I had actually first met Brooke and Aaron, I think it was my third week in New Zealand, when they came up to Auckland for a friend's wedding. We had lunch together then went to a preseason rugby match. I really enjoyed my afternoon with them so I was quite looking forward to my weekend visit.
I set off for the three and a half-hour drive after work on Friday afternoon. With daylight-savings now over, the light fails pretty early in the afternoon, so most of the drive was in the dark. Much to my consternation, I discovered that the Chariot's headlights are not tip top, so much of the hilly, windy journey was spent in white-knuckled terror. Okay, so not really "terror," but there were a few spots that were of more than just a little concern. But ultimately we came through unscathed and I arrived at their apartment at a little past 9:00pm. I was greeted with a hearty handshake (from Aaron), a nice hug (from Brooke), a cold beer, and what turned out to be music to my ears--Brooke's Texas accent. As much as I enjoy the lilting Kiwi accent, I hadn't realized how much I miss hearing a good ol' familiar Texas drawl. I was also greeted with an unexpected little boost to the self esteem. The first time I met Brooke and Aaron was during the height of my quest for Auckland's best gelato, and was before seven weeks of good, hard, manual labor at the vineyard. Since then I've lost close to twenty pounds, and I have to tell you, when Brooke asked what happened to the rest of me, I couldn't help but smile.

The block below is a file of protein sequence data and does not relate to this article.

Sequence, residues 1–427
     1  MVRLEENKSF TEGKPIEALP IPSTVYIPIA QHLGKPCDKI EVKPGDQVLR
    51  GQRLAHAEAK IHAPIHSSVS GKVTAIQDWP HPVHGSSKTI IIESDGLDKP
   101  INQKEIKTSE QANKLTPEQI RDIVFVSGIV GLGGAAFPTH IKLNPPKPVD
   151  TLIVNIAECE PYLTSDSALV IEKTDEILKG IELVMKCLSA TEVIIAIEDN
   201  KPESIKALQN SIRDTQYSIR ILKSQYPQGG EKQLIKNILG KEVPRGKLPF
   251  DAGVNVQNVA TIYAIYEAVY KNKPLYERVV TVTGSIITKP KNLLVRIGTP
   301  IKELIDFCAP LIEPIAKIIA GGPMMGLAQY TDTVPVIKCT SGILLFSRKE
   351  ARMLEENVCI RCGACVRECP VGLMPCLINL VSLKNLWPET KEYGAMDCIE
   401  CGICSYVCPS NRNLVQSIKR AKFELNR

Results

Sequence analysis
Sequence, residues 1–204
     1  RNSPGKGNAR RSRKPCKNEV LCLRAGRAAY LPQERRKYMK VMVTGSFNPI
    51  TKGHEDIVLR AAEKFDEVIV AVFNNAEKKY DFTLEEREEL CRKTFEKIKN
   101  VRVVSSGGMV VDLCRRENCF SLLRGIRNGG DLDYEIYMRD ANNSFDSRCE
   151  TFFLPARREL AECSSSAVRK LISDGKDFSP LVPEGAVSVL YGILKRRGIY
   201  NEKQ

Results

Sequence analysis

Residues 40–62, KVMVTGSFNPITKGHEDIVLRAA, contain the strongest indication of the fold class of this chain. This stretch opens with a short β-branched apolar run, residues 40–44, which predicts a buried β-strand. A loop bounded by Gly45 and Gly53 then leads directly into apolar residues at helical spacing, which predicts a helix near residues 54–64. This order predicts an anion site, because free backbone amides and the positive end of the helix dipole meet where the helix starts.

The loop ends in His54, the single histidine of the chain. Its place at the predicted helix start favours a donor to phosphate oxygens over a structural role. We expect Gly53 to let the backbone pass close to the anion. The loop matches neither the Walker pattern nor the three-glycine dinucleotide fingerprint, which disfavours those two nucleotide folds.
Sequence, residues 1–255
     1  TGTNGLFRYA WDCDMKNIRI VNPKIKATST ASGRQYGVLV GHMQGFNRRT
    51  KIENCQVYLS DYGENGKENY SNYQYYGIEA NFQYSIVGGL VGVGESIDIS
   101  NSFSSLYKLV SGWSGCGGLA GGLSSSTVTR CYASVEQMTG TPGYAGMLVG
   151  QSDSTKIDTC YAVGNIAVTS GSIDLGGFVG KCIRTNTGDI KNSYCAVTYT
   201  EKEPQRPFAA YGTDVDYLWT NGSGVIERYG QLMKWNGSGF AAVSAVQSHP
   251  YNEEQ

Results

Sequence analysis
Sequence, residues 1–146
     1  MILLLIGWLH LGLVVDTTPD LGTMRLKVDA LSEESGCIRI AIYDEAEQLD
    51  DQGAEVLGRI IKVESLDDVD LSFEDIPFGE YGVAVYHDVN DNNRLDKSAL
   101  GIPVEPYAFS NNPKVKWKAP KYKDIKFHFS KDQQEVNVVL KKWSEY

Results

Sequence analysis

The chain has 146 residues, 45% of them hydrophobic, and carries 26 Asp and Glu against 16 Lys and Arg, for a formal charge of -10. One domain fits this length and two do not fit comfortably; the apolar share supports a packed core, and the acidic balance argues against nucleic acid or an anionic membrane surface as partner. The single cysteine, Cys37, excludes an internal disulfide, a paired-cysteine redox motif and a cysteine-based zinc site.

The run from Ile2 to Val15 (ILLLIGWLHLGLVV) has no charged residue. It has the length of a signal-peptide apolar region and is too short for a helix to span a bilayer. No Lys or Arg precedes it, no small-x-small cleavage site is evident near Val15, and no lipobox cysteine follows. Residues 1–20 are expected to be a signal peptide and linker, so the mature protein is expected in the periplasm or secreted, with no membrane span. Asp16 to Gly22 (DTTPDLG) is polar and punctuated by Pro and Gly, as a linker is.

With our Steinlagers drained, we moseyed down to The Octagon--an area of town with several restaurants, cafes, and bars--to check out the goings on of the Friday-night scene. We bar-hopped to three or four different joints, all of which were playing Kings of Leon over their sound systems. The Kings of Leon are huge over here. They had a concert up in Christchurch three weeks ago that I unsuccessfully tried to get a ticket to. Apparently the tickets sold out the first week they went on sale--last November!
Around midnight, our rumbling bellies led us to The Dragon Cafe for some late-night deep-fried sweet and sour pork (and chips). There was a table of about ten people sitting near us and Aaron knew a few (if not all) of them. Over the course of the weekend I came to realize that Brooke's nickname for Aaron, "The Mayor of Dunedin," is quite apt. Everywhere we went, it seemed Aaron knew everyone there.
On Saturday Brooke had to work until 3:00pm, so I cruised with Aaron down to the Saturday-morning Farmer's Market (the largest in New Zealand, I believe). Aaron owns a fish-supply business and has a stand at the market. Oh, and he also knows everybody there--did I mention he is the "Mayor" of Dunedin? Next we were off for a tour of his factory. Didn't care much for he smell--even though it was closed on Saturday and no fish were being processed at the moment--but it was quite an impressive facility. He has contracts with about a dozen boats that fish for his operation, and he told me if I came back in July or August, he could probably get me out on one of them for a day's worth of crayfish (lobster) fishing. You can bet that I'll take him up on it!